This was my first exposure to the Spectre. I can even tell you where I got it; a newsagents near Blackpool Pleasure Beach. It was run by a woman with light hair. I don't know what she was called. But how I thrilled as the cowled crusader melted one villain and reduced another to a skeleton.

Adventure Comics #432, Jim Aparo, the Spectre
 This is one of the few Aparo Spectre stories I never had, and can thus tell you nothing of its contents.

Adventure Comics #433, Jim Aparo, the Spectre
I didn't have this one as a child either. I have, though, read it since. Actually, I can't remember just what happens in it but have no doubt that had I read it when I was ten I'd be able to regale you with exactly how the villain meets his fate.

Adventure Comics #434, Jim Aparo, the Spectre
You can't go wrong with killer shop window dummies - and the Spectre didn't either. The villain thought he was Billy Big Potatoes but soon found himself as roasted as a spud.

Adventure Comics #435, Jim Aparo, the Spectre
Thanks to the twists of Fate, I had two copies of this. I do believe it's the one with the legendary buzz saw sequence.

Adventure Comics #436, Jim Aparo, the Spectre
The Spectre finds himself up against a gas-happy would-be Nazi. Needless to say, gruesome deaths soon follow.

Adventure Comics #437, Jim Aparo, the Spectre
 I've not read this one since childhood but I do recall it introduced me to the word, "Barracuda."

Adventure Comics #438, Jim Aparo, the Spectre
I've not read this one since childhood either but I suspect a museum may have been involved - and stuffed gorillas.

Adventure Comics #439, Jim Aparo, the Spectre
It's time to gasp in horror as Jim Corrigan suddenly finds himself alive again. But for how long?

Adventure Comics #440, Jim Aparo, the Spectre
I didn't have this one either. As it wrapped up the storyline from the previous issue, this was a matter of some concern to me. Happily, I've since read it and am happy to reveal that normal Spectre service is soon restored.

Sadly, after this issue, the Spectre was replaced in the comic by Aquaman. Oh the indignity of it all; to be supplanted by a man who's never melted a villain in his life.

Sunday, 8 September 2013

The Most Forgettable Comics I have Ever Owned. Part 6: The Destructor #3.

Atlas Comics, Destructor #3
Any long-suffering follower of this blog'll know I was quite the avid collector of all things Atlas in my youth.

In retrospect, why this was, I have no idea - bearing in mind most of their output was often as uncharming as it was derivative.

I suppose it must've been purely down to the fact they were a new company and that to be in there at the start felt like it must've done in the 1960s when Marvel first started to take off.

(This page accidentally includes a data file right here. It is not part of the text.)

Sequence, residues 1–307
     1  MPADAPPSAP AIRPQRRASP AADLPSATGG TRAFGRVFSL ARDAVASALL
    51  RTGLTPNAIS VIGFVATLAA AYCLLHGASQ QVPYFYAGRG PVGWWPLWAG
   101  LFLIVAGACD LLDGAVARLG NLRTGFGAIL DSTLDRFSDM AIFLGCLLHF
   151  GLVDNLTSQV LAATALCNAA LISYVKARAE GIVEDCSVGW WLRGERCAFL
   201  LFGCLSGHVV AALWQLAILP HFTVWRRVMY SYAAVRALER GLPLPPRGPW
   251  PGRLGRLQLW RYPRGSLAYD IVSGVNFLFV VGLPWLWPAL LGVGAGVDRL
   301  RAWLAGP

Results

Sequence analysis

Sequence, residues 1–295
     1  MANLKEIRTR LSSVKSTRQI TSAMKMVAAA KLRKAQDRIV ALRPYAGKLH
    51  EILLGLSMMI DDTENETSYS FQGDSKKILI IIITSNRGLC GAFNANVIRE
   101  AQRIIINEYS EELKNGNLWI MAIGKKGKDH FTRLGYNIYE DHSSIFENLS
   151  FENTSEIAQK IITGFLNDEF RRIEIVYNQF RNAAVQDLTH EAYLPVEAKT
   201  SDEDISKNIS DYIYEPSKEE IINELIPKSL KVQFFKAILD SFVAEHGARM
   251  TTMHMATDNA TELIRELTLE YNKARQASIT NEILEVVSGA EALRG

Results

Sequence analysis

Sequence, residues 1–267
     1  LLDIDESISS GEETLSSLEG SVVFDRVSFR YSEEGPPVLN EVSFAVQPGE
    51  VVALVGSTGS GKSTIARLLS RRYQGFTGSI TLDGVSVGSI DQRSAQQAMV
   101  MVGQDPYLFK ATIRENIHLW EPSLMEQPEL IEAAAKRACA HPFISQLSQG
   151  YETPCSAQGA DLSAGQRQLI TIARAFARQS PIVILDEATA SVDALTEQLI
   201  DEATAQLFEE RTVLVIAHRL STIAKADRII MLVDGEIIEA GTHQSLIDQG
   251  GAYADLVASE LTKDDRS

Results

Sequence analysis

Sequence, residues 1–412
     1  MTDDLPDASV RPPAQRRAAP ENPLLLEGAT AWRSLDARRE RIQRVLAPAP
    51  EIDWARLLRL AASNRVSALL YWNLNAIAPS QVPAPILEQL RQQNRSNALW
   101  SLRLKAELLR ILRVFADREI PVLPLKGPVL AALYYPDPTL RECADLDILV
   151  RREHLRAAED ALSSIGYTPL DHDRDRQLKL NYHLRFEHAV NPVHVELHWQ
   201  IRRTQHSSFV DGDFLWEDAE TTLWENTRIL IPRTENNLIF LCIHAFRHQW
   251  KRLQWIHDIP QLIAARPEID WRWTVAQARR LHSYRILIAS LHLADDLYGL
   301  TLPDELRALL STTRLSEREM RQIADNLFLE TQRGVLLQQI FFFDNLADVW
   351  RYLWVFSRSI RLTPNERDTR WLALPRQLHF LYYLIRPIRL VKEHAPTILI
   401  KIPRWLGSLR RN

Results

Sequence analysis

Sadly, Atlas never did start to take off and, famously, all their titles were gone within four issues.

All of which brings me to my latest forgotten comic because, up until the wonders of the internet, I'd totally forgotten I'd ever had such a comic as The Destructor #3.

Why I'd forgotten, I don't know, as all their other titles had stuck in my mind long after they'd been thrown away. Even Police Action had lodged in my hippocampus and that didn't even have super-heroes in it.

My negligence is even odder bearing in mind The Destructor was drawn by none other than Steve Ditko.

I must confess that Steve Ditko in the 1970s posed a problem for me. I always wanted to like his work in that decade because of my love for his Marvel output of the 1960s. Who couldn't love his work on Spider-Man and Dr Strange? Why, the man deserved to declared a legend purely for the way he drew trousers, let alone anything else.

But. even as a youth, I couldn't get round the fact that, by the '70s, his work seemed increasingly dated, not to mention looking flatter, more juvenile and less detailed than it once had. Even his trousers didn't seem as good as they once had. This meant I picked up every comic drawn by Steve Ditko in that era hoping it'd be drawn the way he'd used to do it, only to be disappointed when it wasn't.

Was this the reason I totally forgot about The Destructor? Or was it just there was something inherently unmemorable about him? I don't know. I can't remember him and therefore can offer no opinion about him.

Then again, maybe there wasn't anything unmemorable about him. Maybe the fault was entirely my own.

Thursday, 5 September 2013

Forty years ago this month - September 1973.

Surely the best story of the week has to be the new skyscraper in London, whose reflected sunlight is so concentrated it's actually melting cars. As a would-be super-villain, how I've always longed to own such a building.

But let's face it, no story could be better than the ones Marvel Comics gave us every week in the 1970s. Melted cars? Why, their concentrated drama was enough to melt the human brain itself.